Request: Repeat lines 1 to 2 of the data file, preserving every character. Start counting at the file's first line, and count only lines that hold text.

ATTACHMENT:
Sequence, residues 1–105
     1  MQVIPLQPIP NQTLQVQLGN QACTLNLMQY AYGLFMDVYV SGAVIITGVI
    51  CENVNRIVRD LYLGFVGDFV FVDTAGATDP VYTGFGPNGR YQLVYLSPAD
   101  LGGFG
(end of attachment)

Sequence, residues 1–105
     1  MQVIPLQPIP NQTLQVQLGN QACTLNLMQY AYGLFMDVYV SGAVIITGVI